Sefer Tanya

All Tanya all the time, without Chabad: the sefer itself from an outsider's perspective. I'll be calling this work “Nearly Everybody”: The Inner Life and Struggles of the Jewish Soul

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I only update the Ramchal blog and have abandoned the others, I'm afraid. I do some things now on and . Contact me at feldman AT torah DOT org if you care to.

Wednesday, November 29, 2006

PROLOGUE TO PART TWO: Chapters 9 - 15

“Nearly Everybody”: The Inner Life and Struggles of the Jewish Soul

(Based on “Tanya: Collected Discourses of R. Schneur Zalman of Liadi”)

by Rabbi Yaakov Feldman


PROLOGUE TO PART TWO: Chapters 9 - 15

The first thing we'd need to know in our analysis of the workings of our two spirits is that each has a site in the body from which it emanates and that it affects. The G-dly spirit emanates from our brain for the most part and affects our heart as well as the rest of our body; while the animalistic spirit emanates from our heart for the most part, from which it effects our brain and thoughts as well as our body. We'll use that information later on to learn how to channel our drives.

The next dynamic to know about is that the two spirits compete with each other like two kings vying for the loyalty of a great city-state, in that both spirits want to hold sway over the city-state that comprises our beings, and each has our own best interests in mind (yes -- even the animalistic spirit, since it too is ultimately and inwardly "on our side", for it also serves G-d's ultimate end, which is that we each thrive spiritually).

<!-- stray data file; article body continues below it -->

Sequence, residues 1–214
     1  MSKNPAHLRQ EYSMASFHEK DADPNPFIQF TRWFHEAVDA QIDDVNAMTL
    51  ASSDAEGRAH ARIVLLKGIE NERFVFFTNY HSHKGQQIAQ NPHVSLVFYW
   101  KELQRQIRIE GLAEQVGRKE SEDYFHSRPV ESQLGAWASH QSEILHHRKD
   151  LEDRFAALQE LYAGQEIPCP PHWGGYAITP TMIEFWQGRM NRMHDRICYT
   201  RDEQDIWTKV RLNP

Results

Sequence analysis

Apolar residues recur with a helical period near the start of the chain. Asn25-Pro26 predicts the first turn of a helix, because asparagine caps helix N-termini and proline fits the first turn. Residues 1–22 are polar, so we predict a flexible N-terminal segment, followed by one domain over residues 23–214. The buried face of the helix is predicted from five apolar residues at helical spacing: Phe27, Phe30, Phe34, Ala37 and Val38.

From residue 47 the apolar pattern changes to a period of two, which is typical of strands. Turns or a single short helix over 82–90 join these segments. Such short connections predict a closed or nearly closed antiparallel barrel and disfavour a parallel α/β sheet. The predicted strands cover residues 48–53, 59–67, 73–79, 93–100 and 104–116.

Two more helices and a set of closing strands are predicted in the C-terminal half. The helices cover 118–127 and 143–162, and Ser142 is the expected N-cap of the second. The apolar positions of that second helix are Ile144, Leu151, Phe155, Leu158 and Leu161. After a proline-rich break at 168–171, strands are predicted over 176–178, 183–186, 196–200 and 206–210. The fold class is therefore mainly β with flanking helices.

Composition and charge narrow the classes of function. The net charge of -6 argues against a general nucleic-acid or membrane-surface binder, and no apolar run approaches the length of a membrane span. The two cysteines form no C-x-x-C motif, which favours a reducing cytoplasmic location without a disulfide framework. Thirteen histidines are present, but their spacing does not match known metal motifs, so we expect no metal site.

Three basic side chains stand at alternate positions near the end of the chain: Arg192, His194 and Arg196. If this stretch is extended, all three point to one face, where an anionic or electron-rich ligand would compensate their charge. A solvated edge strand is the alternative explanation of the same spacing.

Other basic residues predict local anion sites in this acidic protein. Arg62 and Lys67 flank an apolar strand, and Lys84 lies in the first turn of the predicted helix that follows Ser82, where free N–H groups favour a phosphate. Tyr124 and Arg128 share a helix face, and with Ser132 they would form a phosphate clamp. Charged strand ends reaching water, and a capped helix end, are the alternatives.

That's then explained in greater detail. We're taught that the whole of the G-dly spirit's being -- its ten mind and heart elements as well as any Torah-based thoughts, utterances, or actions we might engage in thanks to it -- is a means of attaining holiness. For one thing, its mind elements are an expression of G-d's own wisdom and understanding. Hence, we're able to make use of them to dwell upon G-d's greatness and upon other matters that bring us to love Him (which is a vitally important theme in Tanya).

The animalistic spirit, on the other hand, which is the source of our physical vitality as well as all our wrongful traits, encourages us to do harm.

In any event, it's the side we take in the competition above that designates our spiritual, ethical standing.

Now as we'd alluded already, some of us are completely righteous (tzaddik), some are less-than-completely righteous but righteous nonetheless, some are wrongful (rashaim) by degrees as well, but most of us fall -- better yet, can fall -- into the category of the benoni, which we'll soon elucidate. Each category has its subdivisions with real and nuanced differences which we'll lay out as well.

A complete tzaddik isn't someone who merely avoids acting out on his animalistic spirit (for even the rest of us are bidden to do that) and he isn’t someone who’s merely more righteous than we (since we and tzaddikim are qualitatively different, not just quantitatively so, as we’ll learn). A complete tzaddik has utterly transposed his animalistic spirit to goodness, thanks to his utter and thoroughly transcendent love of and reverence for G-d. A less-than-complete tzaddik, on the other hand, is an individual who has indeed subdued his animalistic spirit and proved victorious in the face of it, but who nonetheless hasn't transposed it.